To produce such a large number of routers, Biswas and John traveled to Mountain View, CA to seek the help of a veteran product manager at EMC, Hans Robertson, to lay the foundation of Meraki in 2006. This was the beginning of the success story of Biswas and his groundbreaking cloud managed infrastructural company. Meraki would go on to create and specialize in wireless mesh networks that would link people to the Internet cheaply. John and Hans would eventually become Meraki’s CTO and VP of Cloud Management respectively.
Meraki used common inexpensive hardware components to produce Wi-Fi routers at around $50 while a normal industrial standard router cost 75 times more than Meraki’s router. The project was successful and connected customers across 125 different countries, providing broadband-speed access to the Internet for as low as under $10 a month. This made some hotshots in the vertical turn eyes and notice, not before long the technology integrated hardware and software firm caught the attention of Sequoia Capital. Sequoia would eventually go on to invest $5million and $40 million in series A & D funding respectively in Meraki, along with other funders DAG Ventures and Northgate Capital.
Leadership leads to industrial recognition
Under Biswas’s leadership over the years, the company took giant strides and achieved a $100 million bookings run rate, grew from 120 to 330 employees and did it all with a high growth curve in their profit charts.
This led to the networking giant Cisco setting their eyes upon Meraki. However, the CEO of Meraki was not an individual who was in the game for the money or the greatness and invincibility it offered. He wanted to make sure that Meraki’s products reached the common man in the simplest way possible. On 12th November, 2012, Meraki was acquired by Cisco for a whopping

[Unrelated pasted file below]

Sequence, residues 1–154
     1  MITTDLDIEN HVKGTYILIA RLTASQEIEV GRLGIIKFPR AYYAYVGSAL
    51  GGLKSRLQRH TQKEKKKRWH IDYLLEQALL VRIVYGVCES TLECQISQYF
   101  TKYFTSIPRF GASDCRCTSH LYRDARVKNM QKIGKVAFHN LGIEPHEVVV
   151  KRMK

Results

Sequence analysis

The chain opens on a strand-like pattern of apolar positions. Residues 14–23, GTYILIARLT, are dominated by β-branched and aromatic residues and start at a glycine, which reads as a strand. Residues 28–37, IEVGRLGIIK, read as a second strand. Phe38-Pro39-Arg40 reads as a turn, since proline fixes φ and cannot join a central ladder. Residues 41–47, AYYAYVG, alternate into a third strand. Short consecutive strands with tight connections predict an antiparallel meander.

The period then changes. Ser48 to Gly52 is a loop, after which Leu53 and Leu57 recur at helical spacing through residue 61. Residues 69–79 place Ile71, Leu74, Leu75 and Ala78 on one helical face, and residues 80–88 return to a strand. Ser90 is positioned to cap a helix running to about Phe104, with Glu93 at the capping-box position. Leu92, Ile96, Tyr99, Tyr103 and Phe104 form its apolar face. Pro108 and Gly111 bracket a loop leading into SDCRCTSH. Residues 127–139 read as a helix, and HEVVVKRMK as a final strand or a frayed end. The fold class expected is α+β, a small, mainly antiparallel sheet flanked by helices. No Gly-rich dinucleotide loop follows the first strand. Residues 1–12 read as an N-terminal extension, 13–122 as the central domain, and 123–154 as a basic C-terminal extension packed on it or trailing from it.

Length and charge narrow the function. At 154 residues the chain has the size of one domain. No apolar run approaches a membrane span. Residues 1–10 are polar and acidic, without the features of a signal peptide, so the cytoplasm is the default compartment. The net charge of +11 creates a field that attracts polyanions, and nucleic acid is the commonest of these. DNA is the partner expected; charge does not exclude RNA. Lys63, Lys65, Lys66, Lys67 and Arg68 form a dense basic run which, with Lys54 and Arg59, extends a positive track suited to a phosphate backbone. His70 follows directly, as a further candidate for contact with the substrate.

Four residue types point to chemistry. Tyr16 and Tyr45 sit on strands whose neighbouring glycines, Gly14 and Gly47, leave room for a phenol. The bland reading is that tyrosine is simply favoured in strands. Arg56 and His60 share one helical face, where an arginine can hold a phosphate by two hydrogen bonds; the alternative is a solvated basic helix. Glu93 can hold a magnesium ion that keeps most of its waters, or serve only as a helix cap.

$1.2 billion. Cisco believed that Meraki’s management software and leadership lead by Biswas would enable them to position its offering to mid-market customers who want to move their entities to become cloud based organizations with vertically increased scalability curves. Speaking about the acquisition, OJ Winge, senior vice president and general manager of the Cisco Collaboration Technology group said that Cisco loved Meraki the way it was and the company remains committed to preserving the specialties of the newest member to the family.
Cisco also announced that the Meraki team will lead the huge cloud networking wing of the giant and build new products with a continued emphasis on customer experience and innovation. This is a testimony of the respect and reputation that the founders have developed in the industry. The respect was earned through the humility and humbleness with which Biswas and his co founders lead Meraki in projects focused more on empowering the less fortunate rather than on companies of Fortune 500 standards.
Biswas today continues to do his job as he has always been doing, building amazing products with unmatched passion and dedication and providing the same to his most valued customers.